At least 66 people were killed and 73 were injured after a crude brick building whose foundation had been weakened by monsoon rain crashed down in a congested New Delhi neighborhood. By Tuesday evening, as rescue workers continued to tear through the pile of broken bricks, twisted iron rods and concrete slabs, hope for finding more survivors was fading.
The 15-year-old building housing about 200 people - mostly migrant workers and their families - collapsed Monday evening in New Delhi's congested Lalita Park area, where emergency efforts were hampered because vehicles had difficulty navigating its narrow alleyways.
"The scale of the tragedy is unprecedented," New Delhi's top elected official, Sheila Dikshit, said as she toured the site.
An 18-year-old man named Niranjan was walking home from the park when he saw the building come crashing down with his family inside.
"The entire building collapsed within seconds as if it was made of sand," he told Press Trust of India. "I ran toward the rubble, but there was nothing I could do."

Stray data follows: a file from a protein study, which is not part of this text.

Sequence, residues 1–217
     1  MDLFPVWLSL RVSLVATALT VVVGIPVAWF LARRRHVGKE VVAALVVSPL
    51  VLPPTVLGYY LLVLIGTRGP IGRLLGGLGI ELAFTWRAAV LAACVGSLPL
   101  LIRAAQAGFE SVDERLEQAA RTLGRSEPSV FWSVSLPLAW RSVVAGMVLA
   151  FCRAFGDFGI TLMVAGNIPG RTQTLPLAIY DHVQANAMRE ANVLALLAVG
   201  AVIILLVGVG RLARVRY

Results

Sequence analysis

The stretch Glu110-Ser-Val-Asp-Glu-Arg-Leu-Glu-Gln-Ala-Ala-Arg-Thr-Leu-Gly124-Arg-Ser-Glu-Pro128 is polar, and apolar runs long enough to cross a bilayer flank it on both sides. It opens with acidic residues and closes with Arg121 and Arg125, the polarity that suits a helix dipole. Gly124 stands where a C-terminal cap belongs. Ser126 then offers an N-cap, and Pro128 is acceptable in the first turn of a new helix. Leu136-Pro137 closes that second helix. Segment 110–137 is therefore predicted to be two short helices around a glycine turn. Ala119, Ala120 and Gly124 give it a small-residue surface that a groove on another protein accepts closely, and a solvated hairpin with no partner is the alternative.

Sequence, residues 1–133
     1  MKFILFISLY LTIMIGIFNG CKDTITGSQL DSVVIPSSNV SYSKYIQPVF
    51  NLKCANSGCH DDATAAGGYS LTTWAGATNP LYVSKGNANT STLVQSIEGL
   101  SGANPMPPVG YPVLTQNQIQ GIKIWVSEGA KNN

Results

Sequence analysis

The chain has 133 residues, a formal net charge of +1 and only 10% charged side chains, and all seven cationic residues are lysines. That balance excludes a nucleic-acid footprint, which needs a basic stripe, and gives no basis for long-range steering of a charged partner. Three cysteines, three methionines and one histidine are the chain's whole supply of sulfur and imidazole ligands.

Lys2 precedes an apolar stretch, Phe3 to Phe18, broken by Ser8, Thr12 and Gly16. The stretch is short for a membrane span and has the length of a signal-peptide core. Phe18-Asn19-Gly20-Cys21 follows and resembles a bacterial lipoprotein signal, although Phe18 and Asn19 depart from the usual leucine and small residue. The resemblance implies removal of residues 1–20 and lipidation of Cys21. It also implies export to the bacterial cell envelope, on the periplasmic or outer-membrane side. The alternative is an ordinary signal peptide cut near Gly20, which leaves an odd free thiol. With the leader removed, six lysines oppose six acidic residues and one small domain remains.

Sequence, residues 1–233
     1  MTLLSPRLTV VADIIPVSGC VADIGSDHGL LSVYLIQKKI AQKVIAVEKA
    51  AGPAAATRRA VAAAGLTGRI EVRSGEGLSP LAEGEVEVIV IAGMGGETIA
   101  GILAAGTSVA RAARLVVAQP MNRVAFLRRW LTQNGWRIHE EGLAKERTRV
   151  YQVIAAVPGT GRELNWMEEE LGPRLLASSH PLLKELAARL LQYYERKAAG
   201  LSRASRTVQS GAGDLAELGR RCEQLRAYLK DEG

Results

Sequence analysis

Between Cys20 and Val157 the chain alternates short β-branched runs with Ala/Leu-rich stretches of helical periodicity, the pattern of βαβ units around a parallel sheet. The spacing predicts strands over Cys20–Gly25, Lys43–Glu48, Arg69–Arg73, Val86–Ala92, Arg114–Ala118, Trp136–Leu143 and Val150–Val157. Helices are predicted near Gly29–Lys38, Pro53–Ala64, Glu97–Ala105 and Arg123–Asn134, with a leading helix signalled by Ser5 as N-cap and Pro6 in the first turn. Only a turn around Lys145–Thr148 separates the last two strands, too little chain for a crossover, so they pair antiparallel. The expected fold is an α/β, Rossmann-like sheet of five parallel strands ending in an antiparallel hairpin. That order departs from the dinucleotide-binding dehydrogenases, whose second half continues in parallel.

His brother, mother, sister-in-law and niece were all found dead, he said.
The cause of the collapse was not immediately clear. One official said the building may have been weakened by water damage following monsoon rains; Residents said the landlord was illegally constructing an additional floor on the building.
Officials ordered the evacuation of at least one other nearby building that they feared could collapse too, Dikshit said.
Many workers from West Bengal found housing in the crude brick building in the Lalita Park neighborhood near the Yamuna River because it was one of the rare homes they could afford amid the skyrocketing real estate prices in the crowded city.